All six charges relate to actions taken by the defendants to “solicit” various Georgia officials to violate their oaths of office. For example, Trump and Meadows called Georgia Secretary of State Brad Raffensperger and solicited him to “unlawfully influence the certified election returns.” Multiple defendants “solicited elected members of the Georgia Senate to violate their oaths of office on December 30, 2020, by requesting or importuning them to unlawfully appoint presidential electors.” Giuliani solicited members of the Georgia House of Representatives by “requesting or importuning them to unlawfully appoint presidential electors.”

You will note in the quotes from the indictment that the word “unlawfully” appears in each count of the indictment the judge dismissed. He’s not saying that what the defendants asked the Georgia officials to do was lawful, therefore the charges must be dismissed. No, he’s figured out a clever way around that. The judge is saying the charges must be dismissed because they don’t spell out how the illegal acts they were being asked to commit violated their oaths.

The law in Georgia prohibits any public officer from “willfully and intentionally violating the terms of his or her oath as prescribed by law.” The judge is saying that all the Georgia officials took their oaths of office, but Fani Willis’ grand jury has failed to spell out how what they were being asked to do violated those oaths. To illustrate the problem, as he sees it, the judge even favorably cites a case in Georgia where a conviction of a police officer was reversed “when a police officer’s oath did not expressly include a provision to uphold state law.” In another case, charges were dismissed in a drug possession case because the specific drug and its quantity were not specified.

Got that? In Georgia, you can swear to defend and protect the state Constitution, but that oath, at least in the case of the police officer in question, does not require you to “uphold state law.”

That this would utterly negate the whole idea of taking an oath doesn’t seem to have occurred to Judge McAfee, but moving on…

To sum up as briefly and bluntly as I can, the charges against Trump and the rest of them have been dismissed because the indictment against them does not spell out precisely how “unlawfully” doing something like appointing fake electors or “finding” enough votes for Trump to overturn the election violates the oaths of the Georgia officials being asked to commit those acts, even though the acts themselves are, as per the judge’s order dismissing the indictments, “unlawful.”

The judge took pains to point out that the United States Constitution “contains hundreds of clauses, any one of which can be the subject of a lifetime’s study,” so his message to Fani Willis is, get studying. If you want a new charge against Trump and his pals to stick, you’re going to have to find a clause they urged a Georgia official to violate.

The Supreme Court has been up to the same sort of thing in the series of decisions it has handed down eviscerating laws against the bribery of public officials. Their theory is that bribery hasn’t taken place, and thus the law hasn’t been broken, unless the person soliciting the public official to favor their interests by giving them a bribe spelled out in complete sentences what it is they want the official to do. For example, if a gangster is buying off a judge to find someone not guilty, it’s not enough for you to be the brother of the defendant and sit down with the judge and hand him money across the table. You’ve got to open your mouth and say the words: here’s some money to let my brother off.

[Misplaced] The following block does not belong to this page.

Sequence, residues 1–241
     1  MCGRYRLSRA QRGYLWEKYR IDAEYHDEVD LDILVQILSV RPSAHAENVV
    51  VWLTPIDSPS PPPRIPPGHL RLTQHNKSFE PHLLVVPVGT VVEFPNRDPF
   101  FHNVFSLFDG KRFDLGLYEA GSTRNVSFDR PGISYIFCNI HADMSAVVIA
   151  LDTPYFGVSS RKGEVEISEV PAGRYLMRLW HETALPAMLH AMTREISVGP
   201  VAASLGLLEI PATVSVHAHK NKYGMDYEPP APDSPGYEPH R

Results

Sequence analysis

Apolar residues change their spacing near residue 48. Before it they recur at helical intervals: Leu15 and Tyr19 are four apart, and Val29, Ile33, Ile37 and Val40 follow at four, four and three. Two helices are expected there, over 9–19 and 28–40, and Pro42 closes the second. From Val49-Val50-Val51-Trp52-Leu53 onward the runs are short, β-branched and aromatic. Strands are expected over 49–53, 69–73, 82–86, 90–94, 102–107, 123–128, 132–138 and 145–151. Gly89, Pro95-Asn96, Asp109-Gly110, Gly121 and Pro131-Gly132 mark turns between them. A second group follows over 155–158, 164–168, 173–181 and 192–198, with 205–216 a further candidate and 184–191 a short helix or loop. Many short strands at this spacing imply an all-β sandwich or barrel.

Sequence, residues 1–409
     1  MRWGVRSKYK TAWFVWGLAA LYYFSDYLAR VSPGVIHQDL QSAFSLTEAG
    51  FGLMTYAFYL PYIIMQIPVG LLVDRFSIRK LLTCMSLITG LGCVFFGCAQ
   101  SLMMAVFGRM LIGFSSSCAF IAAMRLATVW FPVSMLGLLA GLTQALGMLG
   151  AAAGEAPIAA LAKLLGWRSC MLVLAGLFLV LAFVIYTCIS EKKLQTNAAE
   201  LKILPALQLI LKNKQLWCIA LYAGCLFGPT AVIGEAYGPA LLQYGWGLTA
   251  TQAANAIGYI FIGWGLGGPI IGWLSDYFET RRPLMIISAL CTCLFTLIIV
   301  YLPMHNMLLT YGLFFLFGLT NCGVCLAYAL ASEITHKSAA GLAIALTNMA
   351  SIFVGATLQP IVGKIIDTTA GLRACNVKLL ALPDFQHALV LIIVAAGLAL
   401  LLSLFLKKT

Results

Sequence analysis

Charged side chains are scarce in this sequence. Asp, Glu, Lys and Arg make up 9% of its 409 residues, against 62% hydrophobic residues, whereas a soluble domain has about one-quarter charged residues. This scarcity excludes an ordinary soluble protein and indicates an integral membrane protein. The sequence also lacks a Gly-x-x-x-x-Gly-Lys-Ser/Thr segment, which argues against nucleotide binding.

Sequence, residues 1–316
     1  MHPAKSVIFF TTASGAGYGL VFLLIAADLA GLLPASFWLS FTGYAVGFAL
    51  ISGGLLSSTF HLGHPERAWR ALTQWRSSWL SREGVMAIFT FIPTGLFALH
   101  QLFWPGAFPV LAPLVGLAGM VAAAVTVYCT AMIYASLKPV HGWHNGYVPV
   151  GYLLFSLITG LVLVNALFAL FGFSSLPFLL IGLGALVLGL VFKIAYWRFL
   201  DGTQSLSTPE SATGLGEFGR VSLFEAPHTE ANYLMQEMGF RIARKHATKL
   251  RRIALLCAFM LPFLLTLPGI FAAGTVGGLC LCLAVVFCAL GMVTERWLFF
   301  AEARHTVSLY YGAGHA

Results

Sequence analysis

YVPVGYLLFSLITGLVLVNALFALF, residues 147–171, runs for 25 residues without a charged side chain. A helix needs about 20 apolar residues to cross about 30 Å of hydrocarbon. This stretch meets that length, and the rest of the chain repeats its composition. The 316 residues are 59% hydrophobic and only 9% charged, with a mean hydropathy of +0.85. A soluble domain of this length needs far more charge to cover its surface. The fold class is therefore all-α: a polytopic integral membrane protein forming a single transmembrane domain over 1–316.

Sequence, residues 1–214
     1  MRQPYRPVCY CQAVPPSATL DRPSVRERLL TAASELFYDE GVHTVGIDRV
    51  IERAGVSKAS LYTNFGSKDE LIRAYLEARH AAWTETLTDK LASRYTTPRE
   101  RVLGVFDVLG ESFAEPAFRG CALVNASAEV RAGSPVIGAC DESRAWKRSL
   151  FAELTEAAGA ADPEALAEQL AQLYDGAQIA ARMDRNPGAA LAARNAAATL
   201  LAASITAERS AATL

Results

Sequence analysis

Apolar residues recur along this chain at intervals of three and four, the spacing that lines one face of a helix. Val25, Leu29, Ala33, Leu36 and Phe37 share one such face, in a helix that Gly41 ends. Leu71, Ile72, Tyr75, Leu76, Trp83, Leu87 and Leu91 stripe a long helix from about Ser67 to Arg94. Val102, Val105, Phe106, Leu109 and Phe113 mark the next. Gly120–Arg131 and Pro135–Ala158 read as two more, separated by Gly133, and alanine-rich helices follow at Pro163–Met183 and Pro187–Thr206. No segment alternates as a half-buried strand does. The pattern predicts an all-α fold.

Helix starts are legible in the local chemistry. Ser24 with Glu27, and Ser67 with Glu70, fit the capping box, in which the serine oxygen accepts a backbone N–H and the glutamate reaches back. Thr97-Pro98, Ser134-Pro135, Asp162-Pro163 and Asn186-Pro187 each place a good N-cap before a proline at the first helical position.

This is the kind of double-reverse triple-salchow legal squiggling Donald Trump wants to use to beat the charges against him in Georgia. He’s not saying that he didn’t do it. He did. He’s not saying that what he did wasn't illegal. It was. He’s saying that it didn’t amount to causing others to violate their oaths in the exact same manner he was violating his.

Lucian K. Truscott IV, a graduate of West Point, has had a 50-year career as a journalist, novelist, and screenwriter. He has covered Watergate, the Stonewall riots, and wars in Lebanon, Iraq, and Afghanistan. He is also the author of five bestselling novels. You can subscribe to his daily columns at luciantruscott.substack.com and follow him on Twitter @LucianKTruscott and on Facebook at Lucian K. Truscott IV.

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Georgia DA’s Investigation Of Trump Sent To Grand Jury

Georgia DA’s Investigation Of Trump Sent To Grand Jury

ATLANTA — Fulton County prosecutors are expected to appear before a grand jury this week seeking subpoenas for documents and witnesses related to their investigation of former President Donald Trump and some of his top associates for possible election fraud, The Atlanta Journal-Constitution has learned. Legal experts are split as to whether there's a strong case to be made, but most agree Trump's efforts to overturn Georgia's election results merit greater scrutiny. Fani Willis, Fulton's new district attorney, has said she's prepared to follow the evidence wherever it leads. Some believe the r...